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Recovering backpacker, Cornwallite at heart, political enthusiast, catalyst, writer, husband, father, community volunteer, unabashedly proud Canadian. Every hyperlink connects to something related directly or thematically to that which is highlighted.

Thursday 17 October 2013


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There are two stories that are emerging out of Elsipogtog First Nation today - one, as the RCMP tells it, is of dedicated law enforcement officers doing their duty when all hope of a peaceful resolution failed.

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In this version, forty people who happen to be First Nations were arrested for criminal activity in defiance of the law the RCMP is charged with upholding.  These folk threw Molotov cocktails and set expensive police cars on fire - clearly bad behaviour that needed to be punished.

That's one version.

In the other version, the people of Elsipogtog First Nation tried to stop the abuse of the land we all share and put a halt to fracking - a practise that is being questioned and resisted all over the place in much the same was as windmills are in Ontario.

These people looked ahead and saw their children's future at risk, so they used every peaceful means at their disposal; after years of failed efforts, these means eventually came to include a blockade.  There aren't many other tools in the hands of those who don't have the resources of an SWN Resources Canada.

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While the people of Elsipogtog First Nation spent years seeking justice, it took SWN days to get an injunction put in place.

Which is where the RCMP raid came in.  It's no wonder they failed to get their peaceful resolution - it's hard to talk peace when you come to the party with dogs, snipers, tear gas, hoses, rubber bullets, pepper spray and the like.  In fact, being so armed almost makes it look like you were spoiling for a fight.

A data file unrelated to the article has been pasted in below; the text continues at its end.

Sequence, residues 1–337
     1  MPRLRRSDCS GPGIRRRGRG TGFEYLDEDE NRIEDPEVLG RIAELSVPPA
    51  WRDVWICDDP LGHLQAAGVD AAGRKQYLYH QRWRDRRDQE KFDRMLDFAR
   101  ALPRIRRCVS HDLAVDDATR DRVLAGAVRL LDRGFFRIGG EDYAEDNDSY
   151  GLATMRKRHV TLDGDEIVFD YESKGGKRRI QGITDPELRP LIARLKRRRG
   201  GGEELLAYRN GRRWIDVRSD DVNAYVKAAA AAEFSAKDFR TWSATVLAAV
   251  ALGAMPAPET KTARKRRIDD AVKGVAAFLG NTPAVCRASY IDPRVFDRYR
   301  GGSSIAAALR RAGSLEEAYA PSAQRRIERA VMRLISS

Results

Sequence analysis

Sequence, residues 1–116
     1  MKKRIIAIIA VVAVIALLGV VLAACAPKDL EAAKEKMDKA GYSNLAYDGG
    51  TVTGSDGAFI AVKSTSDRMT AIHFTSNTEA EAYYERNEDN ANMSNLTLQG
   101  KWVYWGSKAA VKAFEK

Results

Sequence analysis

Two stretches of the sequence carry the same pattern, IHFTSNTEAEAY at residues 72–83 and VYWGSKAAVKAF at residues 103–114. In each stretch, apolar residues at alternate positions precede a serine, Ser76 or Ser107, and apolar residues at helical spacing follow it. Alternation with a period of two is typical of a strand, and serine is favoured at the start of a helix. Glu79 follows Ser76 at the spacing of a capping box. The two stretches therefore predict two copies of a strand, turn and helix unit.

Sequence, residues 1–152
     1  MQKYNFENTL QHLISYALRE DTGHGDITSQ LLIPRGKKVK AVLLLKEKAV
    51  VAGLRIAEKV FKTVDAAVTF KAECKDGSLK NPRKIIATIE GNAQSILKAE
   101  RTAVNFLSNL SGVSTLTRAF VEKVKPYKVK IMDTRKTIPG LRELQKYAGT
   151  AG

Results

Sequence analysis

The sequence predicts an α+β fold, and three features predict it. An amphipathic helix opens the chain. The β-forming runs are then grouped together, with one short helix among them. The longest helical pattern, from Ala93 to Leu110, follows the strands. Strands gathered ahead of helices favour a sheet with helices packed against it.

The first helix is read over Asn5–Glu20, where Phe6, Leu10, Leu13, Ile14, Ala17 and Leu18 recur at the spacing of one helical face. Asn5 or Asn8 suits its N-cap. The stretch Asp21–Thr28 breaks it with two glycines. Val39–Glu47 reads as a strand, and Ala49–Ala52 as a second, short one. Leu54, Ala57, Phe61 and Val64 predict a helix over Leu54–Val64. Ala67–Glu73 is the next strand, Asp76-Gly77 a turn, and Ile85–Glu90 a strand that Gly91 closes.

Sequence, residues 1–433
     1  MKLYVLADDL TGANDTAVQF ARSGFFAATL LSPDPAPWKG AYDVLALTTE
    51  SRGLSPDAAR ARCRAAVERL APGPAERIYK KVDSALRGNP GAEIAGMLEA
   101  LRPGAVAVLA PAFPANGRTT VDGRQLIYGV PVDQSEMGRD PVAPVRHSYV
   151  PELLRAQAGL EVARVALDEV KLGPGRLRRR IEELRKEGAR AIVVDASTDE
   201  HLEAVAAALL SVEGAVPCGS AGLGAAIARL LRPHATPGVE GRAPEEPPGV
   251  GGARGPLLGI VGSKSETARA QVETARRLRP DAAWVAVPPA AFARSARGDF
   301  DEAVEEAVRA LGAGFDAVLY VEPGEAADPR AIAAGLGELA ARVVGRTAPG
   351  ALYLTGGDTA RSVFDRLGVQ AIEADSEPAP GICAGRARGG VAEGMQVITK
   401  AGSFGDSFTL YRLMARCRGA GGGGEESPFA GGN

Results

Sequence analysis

Were the RCMP involved in deliberations before then?  I don't know.  This story came to my attention through social media; I followed via Twitter with rapt attention as the situation continued to escalate.  I wasn't on the ground; I can't verify with accuracy any of the accounts I've read, or that thousands of others have read around the globe.  

What I do know is that the version presented by people representing themselves and those representing national/SWN Resources' interests aren't the same.  In the absence of fact and when those with power suggest they did nothing wrong, I'm like most people - I tend to root for the underdog.

That's what I fear the people in charge aren't cluing in to; the Rob Ford mayoralty, the Tea Party, Occupy and Idle No More are all symptoms of the same illness - the people don't trust that those in power have their best interests at heart.  They're not even sure their leaders have any sense of where they're leading the people to.

The RCMP, the frackers, the federal and provincial governments can try to spin this any way they want; they can bring out their most confident sound-bite deliverers and talk boldly about law and order.  It won't make a difference.  When you have multiple sources suggesting that the police set their own car on fire and are believed by many, bluster (whether justified or no) merely fans the flames of discontent. 

Year after year, scandal after scandal, protest movement after protest movement, those flames keep leaping higher.

The tipping point has been reached - the only way to keep from toppling over is to stop charging forward and take a step back.

I hope the RCMP realize this isn't about their brand or saving face; I hope the Federal government doesn't double-down on their tough-on-crime, weak-on-respect-for-First-Nations approach.  I hope David Alward realizes that, when he speaks about respecting the law and punishment for misdeeds, he is carrying the torch for the whole country's political class - including those who have blatantly abused the law and gotten away with it.

At the same time, I hope that the average citizens who will line up on either side of the fence, largely for reasons nothing to do with fracking, pause to think about what they really hope to accomplish.

Someone has to be the adult in the room.  If it isn't going to be them, let it be us.

- Chief Gabriel Atwin, Kingsclear First Nation

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